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Stochastic algorithms

Stochastic algorithms
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Dr.SethPatton,United Kingdom,Teacher
Published Date:22-07-2017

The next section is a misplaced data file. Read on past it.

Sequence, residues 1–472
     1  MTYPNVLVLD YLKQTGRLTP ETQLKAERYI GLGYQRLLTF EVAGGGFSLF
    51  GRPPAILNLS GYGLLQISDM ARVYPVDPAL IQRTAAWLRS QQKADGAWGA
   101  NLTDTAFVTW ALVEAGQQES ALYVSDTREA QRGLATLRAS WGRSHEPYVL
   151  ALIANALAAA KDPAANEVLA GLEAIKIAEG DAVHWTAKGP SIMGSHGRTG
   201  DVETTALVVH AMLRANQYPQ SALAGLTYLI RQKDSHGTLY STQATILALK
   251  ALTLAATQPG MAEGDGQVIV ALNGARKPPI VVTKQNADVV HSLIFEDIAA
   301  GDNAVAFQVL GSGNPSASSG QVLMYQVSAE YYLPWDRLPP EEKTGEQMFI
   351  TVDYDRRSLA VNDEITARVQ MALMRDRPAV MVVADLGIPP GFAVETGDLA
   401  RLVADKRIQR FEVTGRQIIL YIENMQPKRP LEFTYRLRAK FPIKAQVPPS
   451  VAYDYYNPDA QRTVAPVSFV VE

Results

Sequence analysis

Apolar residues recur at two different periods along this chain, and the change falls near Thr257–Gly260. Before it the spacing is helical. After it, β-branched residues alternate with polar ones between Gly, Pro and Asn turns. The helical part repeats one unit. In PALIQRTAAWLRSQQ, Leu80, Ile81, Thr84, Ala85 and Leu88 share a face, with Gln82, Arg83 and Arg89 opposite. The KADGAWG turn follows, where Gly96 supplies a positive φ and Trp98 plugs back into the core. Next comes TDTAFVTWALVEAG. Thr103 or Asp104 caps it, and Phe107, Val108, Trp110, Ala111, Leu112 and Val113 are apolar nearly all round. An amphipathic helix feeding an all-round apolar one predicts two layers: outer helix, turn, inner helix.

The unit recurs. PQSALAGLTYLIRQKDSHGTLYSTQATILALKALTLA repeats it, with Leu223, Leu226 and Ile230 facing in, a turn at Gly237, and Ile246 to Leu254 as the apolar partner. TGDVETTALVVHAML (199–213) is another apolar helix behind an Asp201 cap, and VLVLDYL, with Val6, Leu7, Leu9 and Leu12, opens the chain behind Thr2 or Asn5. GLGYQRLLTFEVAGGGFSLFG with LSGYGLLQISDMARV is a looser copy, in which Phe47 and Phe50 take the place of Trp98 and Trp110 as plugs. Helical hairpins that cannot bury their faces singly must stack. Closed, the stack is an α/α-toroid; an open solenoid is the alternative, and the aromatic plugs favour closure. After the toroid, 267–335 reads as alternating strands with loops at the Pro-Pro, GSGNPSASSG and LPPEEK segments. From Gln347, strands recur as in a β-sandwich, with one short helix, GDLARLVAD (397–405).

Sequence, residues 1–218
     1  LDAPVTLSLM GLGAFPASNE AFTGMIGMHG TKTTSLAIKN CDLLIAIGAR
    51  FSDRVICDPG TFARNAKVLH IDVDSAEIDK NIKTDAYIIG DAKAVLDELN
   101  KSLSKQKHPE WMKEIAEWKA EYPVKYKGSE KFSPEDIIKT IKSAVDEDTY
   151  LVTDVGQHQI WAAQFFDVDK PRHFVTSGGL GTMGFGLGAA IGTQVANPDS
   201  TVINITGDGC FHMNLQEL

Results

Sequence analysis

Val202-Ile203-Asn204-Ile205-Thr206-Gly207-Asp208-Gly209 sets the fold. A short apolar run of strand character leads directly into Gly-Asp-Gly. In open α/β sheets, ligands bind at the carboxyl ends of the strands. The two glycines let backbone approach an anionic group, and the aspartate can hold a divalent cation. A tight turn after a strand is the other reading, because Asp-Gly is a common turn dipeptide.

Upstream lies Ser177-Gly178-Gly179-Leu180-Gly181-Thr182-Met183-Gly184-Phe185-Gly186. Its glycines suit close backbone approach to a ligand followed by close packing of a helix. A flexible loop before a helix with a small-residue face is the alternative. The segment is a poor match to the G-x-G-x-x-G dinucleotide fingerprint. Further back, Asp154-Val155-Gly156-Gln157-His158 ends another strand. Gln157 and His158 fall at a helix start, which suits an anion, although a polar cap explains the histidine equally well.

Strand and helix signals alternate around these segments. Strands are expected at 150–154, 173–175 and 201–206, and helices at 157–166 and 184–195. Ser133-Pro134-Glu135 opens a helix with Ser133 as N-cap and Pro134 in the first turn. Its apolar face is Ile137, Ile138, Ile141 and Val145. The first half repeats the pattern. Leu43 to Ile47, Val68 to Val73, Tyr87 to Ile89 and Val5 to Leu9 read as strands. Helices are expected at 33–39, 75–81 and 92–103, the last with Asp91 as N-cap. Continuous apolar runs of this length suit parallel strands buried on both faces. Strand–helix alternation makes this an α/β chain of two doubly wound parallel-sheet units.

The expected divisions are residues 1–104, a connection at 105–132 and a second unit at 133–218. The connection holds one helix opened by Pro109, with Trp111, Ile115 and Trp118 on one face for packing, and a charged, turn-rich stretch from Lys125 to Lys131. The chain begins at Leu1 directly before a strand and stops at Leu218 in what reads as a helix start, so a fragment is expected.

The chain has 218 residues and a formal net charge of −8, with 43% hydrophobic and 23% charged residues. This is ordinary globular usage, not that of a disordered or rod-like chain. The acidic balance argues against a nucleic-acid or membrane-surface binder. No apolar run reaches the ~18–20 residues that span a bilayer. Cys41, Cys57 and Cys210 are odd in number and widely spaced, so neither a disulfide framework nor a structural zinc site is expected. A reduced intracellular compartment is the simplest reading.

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ECE 250 Algorithms and Data Structures Stochastic algorithms Douglas Wilhelm Harder, M.Math. LEL Department of Electrical and Computer Engineering University of Waterloo Waterloo, Ontario, Canada ece.uwaterloo.ca dwharderalumni.uwaterloo.ca © 2006-2013 by Douglas Wilhelm Harder. Some rights reserved.Stochastic algorithms 2 Outline In this topic, we will cover: – Concepts about random numbers – Random number generators – Monte Carlo methods • Monte Carlo integration – Randomized quicksort – Skip listsStochastic algorithms 3 Stochastic The word stochastic comes from Greek: στόχος, – The relative translation is a word describing a target stick for archery practices – The pattern of arrow hits represents a stochastic process http://marshfieldrodandgunclub.com/ArcheryStochastic algorithms 4 Random Numbers I flipped a coin 30 times: HTHTHHHTTTHHHTHTTTTTTHHHHHHTTH One may almost suggest such a sequence is not random: what is the probability of getting 6 tails and then 6 heads? – Unfortunately, this is exactly what I got with the first attempt to generate such a sequence, and is as random a sequence as I can generate – Humans see patterns where none are…Stochastic algorithms 5 Random Numbers Generating random numbers is difficult… A small radioactive source is believed to have been used to generate the Rand Corporation's book A Million Random Digits with 100,000 Normal Deviates – Called an electronic “roulette wheel” • uses a ―random frequency pulse source‖ – 20,000 lines with 50 decimal digits per line divided into five columns of ten digits each – Available at the low price of USD 90 http://www.wps.com/projects/million/index.htmlStochastic algorithms 6 Random Numbers Problem: humans will not open the book to a random page... 73735 45963 78134 63873 02965 58303 90708 20025 The instructions include: 98859 23851 27965 62394 ―...open the book to an unselected page... 33666 62570 64775 78428 blindly choose a 5-digit number; this 81666 26440 20422 05720 number reduced modulo 2 determines the 15838 47174 76866 14330 starting line; the two digits to the right... 89793 34378 08730 56522 determine the starting column...‖ 78155 22466 81978 57323 16381 66207 11698 99314 75002 80827 53867 37797 Column: 81978 / 20000 = 4 99982 27601 62686 44711 84543 87442 50033 14021 Line: 81978 % 20000 = 01978 77757 54043 46176 42391 80871 32792 87989 72248 30500 28220 12444 71840Stochastic algorithms 7 Random Numbers Strategy 0: – Roll a die Not very useful, especially for computers http://xkcd.com/221/Stochastic algorithms 8 Random Numbers Strategy 1: – Use the system clock This is very useful for picking one 5-decimal-digit number about once a day It is also very poor for picking many random numbers, as any program doing so will most likely do so periodicallyStochastic algorithms 9 Random Numbers Strategy 2: – Use the keyboard Certain encryption programs use intervals between keystrokes to generate random numbers The user is asked to generate some text which is then analyzed – Random, but slow and tediousStochastic algorithms 10 Random Numbers Our best hope is to generate (using mathematics) a sequence of numbers which appears to be random A sequence of numbers which appears to be random but is not is said to be pseudo-random – We will look at one random number generatorStochastic algorithms 11 Linear Congruential Generators The first pseudo-random number generator which we will look as described by Lehmer in 1951 It is called a linear congruential generator because: – it uses a linear multiplier – it produces objects of the same shapeStochastic algorithms 12 Linear Congruential Generators Select an initial value x (called the seed) 0 Choose two fixed values A 0 and M 1 Given x , calculate i x = Ax mod M i + 1 i There are some restrictions on these values: – M should be prime – A and x should both be relatively prime to M 0Stochastic algorithms 13 Linear Congruential Generators For example, if M = 17, A = 6, and x = 3, the first 17 numbers are: 0 3, 1, 6, 2, 12, 4, 7, 8, 14, 16, 11, 15, 5, 13, 10, 9, 3 th The 17 number equals the first, so after this, the sequence will repeat itself A different seed generates a different sequence, e.g., with x = 4 we 0 get 4, 7, 8, 14, 16, 11, 15, 5, 13, 10, 9, 3, 1, 6, 2, 12, 4 however, it is only a shift...Stochastic algorithms 14 Linear Congruential Generators The choice of A will affect quality of the sequence Given the previous seed and modulus, but if we choose A = 2, we get the sequence 3, 6, 12, 7, 14, 11, 5, 10, 3, 6, 12, 7, 14, 11, 5, 10, 3 which you may note repeats itself earlier than when we used A = 2Stochastic algorithms 15 Linear Congruential Generators 31 If we choose the prime M = 2 – 1, then one value of A recommended by Lehmer is A = 48271 31 This generates a sequence of 2 – 2 unique numbers before it repeats We can then use modulus to map this onto a smaller range, or divisionStochastic algorithms 16 Linear Congruential Generators A word on linear congruential generators and the like: ―Any one who considers arithmetical methods of producing random digits is, of course, in a state of sin...‖ John von Neumann The point here is, these methods produce pseudo-random numbers and not actually random numbersStochastic algorithms 17 Linear Congruential Generators The C++ standard library comes equipped with the int rand() function – Don’t use it... Most C++ standard libraries come with: Function Name Range 31 long lrand48() 0, 1, ..., 2 – 1 31 31 long mrand48() –2 , ..., 2 – 1 double drand48() 0, 1)Stochastic algorithms 18 Linear Congruential Generators By default, these use a 48-bit seed with x = 0 and 0 x = (Ax + C) mod M k + 1 k where A = 25214903917 10111011110111011001110011001101101 2 C = 11 1011 2 48 M = 2 and where the most significant bits of x are used k + 1Stochastic algorithms 19 Linear Congruential Generators All three generates use the same value – Suppose that x is the value is the following 48 bits: k + 1Stochastic algorithms 20 Linear Congruential Generators lrand48() uses the most significant 31 bits – Recall the avalanche effect